بازنگری توسل به ترس: یک ساختار تجدید استعلام از مدل انگیزه حفاظت
|کد مقاله||سال انتشار||مقاله انگلیسی||ترجمه فارسی||تعداد کلمات|
|37423||2015||3 صفحه PDF||سفارش دهید||2540 کلمه|
Publisher : Elsevier - Science Direct (الزویر - ساینس دایرکت)
Journal : International Journal of Research in Marketing, Volume 32, Issue 2, June 2015, Pages 223–225
Replicating Johnston and Warkentin (2010), we demonstrate that social influence and self-efficacy are the main drivers of compliance with fear appeals. Contrary to the original study, we find that the acknowledgment of a severe threat encourages subjects to seize on the proposed recommendation, bolstering perceptions of efficacy. With this sole exception, the original results are fully replicated in a different research context employing a different population.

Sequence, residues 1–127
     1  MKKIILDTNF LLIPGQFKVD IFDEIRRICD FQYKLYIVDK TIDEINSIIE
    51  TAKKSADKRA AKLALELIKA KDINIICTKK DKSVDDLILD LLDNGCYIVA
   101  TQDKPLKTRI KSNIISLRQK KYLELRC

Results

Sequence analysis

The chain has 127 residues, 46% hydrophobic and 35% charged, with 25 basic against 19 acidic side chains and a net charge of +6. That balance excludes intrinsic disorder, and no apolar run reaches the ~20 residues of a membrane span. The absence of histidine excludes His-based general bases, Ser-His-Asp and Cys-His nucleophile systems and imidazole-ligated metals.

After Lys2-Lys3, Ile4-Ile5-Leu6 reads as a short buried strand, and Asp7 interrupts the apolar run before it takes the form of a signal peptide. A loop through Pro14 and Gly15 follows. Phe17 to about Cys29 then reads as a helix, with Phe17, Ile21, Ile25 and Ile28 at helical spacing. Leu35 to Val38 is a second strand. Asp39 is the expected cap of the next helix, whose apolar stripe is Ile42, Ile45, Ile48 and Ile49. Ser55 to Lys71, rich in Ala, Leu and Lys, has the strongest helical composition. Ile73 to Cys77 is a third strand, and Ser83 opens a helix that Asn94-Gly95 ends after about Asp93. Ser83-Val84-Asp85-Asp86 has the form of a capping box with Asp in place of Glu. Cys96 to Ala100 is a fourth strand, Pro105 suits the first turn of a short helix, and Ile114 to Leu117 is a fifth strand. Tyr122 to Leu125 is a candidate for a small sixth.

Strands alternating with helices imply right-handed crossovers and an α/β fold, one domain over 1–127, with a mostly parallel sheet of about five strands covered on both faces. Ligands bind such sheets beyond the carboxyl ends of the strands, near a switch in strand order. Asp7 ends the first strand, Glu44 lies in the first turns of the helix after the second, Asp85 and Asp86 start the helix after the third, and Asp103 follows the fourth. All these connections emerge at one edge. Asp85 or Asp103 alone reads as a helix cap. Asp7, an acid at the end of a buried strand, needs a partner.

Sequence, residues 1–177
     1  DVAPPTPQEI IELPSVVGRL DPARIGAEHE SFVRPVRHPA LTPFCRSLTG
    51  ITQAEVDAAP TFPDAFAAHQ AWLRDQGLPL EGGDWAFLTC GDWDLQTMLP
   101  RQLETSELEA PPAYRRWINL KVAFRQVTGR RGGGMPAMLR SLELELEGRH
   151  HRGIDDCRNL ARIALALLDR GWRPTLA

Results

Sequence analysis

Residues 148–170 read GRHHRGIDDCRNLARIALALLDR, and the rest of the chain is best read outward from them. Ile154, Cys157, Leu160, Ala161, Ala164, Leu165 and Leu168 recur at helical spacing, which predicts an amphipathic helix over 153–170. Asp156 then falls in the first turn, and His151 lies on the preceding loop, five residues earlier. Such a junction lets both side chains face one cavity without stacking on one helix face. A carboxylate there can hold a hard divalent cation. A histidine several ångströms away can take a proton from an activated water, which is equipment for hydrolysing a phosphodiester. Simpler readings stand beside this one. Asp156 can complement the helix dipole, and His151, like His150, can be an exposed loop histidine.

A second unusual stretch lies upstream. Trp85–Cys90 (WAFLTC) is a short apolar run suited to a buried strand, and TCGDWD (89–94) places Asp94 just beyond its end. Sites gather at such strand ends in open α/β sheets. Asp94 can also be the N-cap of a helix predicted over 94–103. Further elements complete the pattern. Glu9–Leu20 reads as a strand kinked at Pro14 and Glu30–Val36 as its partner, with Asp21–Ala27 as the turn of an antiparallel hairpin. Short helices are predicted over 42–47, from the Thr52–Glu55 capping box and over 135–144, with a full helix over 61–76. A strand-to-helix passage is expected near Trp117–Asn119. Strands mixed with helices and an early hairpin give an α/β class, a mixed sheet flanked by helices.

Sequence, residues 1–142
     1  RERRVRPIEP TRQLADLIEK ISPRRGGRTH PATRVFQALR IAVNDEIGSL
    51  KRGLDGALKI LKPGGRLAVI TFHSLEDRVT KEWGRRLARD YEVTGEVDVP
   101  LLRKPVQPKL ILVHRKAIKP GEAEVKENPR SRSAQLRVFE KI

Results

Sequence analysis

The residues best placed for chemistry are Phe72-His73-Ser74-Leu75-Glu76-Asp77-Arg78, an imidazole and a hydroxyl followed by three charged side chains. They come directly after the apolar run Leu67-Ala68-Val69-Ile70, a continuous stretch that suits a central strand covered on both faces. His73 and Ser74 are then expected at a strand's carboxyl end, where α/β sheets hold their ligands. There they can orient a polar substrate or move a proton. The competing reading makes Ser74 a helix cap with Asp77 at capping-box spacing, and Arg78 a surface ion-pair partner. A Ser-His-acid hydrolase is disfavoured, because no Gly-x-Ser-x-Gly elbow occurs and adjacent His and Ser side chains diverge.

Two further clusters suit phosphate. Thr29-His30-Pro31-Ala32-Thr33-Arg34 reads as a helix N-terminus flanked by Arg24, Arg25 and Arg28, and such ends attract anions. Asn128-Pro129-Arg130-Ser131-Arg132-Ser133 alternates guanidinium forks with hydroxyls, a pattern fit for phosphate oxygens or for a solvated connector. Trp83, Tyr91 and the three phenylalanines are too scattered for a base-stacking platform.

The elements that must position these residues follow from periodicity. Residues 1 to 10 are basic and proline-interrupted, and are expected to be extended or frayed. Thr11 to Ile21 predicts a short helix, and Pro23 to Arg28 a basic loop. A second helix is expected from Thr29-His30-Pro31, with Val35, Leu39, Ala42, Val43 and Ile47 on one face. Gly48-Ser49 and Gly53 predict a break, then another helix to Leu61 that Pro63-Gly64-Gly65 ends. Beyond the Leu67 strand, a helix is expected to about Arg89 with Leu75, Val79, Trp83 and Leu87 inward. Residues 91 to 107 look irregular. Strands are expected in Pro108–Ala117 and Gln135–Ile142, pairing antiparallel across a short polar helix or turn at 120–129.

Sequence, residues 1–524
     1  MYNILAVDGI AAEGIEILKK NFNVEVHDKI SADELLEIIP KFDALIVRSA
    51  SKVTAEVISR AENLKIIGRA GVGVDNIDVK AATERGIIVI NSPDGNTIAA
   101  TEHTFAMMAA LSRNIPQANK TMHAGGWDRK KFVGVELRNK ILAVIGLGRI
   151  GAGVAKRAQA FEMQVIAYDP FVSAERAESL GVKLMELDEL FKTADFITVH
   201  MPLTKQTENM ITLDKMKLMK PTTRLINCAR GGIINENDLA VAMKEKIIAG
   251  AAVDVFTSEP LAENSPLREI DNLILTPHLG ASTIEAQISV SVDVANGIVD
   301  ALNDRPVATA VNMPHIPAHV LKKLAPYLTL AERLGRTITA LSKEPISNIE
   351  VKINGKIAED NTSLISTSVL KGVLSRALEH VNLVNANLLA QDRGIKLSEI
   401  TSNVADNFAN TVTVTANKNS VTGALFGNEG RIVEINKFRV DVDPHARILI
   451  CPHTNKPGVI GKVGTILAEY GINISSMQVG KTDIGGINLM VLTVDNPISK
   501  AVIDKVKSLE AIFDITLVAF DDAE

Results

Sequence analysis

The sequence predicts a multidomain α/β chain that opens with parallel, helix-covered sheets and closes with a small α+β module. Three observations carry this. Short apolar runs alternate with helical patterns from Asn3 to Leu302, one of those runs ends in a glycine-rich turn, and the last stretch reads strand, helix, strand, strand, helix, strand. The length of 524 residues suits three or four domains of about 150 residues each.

Fear appeals are communications presenting the threat of impending danger to motivate compliance with a proposed recommendation (Keller & Lehmann, 2008). The Protection Motivation Model (PMM: Maddux & Rogers, 1983), widely employed in marketing (e.g., Pechmann, Zhao, Goldberg, & Reibling, 2003), identifies the drivers of compliance in the audience's assessment of a) threat severity, b) threat susceptibility, c) efficacy of the coping response, and d) self-efficacy in adopting the proposed coping response. Previous meta-analyses, however, show weak direct effects of threat severity and threat susceptibility on behavioral intentions (e.g., Milne, Sheeran, & Orbell, 2000). The current paper presents a conceptual replication of Johnston and Warkentin's (2010) structural model of the PMM, in which the effect of threat severity and threat susceptibility on behavioral intentions is mediated by coping response efficacy and self-efficacy. In addition, we extend the original model by including the relationship between coping response efficacy and self-efficacy. The provision of a clear solution to a problem is likely to increase self-efficacy, as the audience is lead to believe that they can cope successfully with the threat by adopting the recommended course of action. The replication of the original model notably underlines a) a negative effect of threat severity on both measures of efficacy and b) poor goodness-of-fit indices, not reported in the original study due to the component-based approach undertaken (i.e., partial least squares). An alternative model demonstrates higher reliability.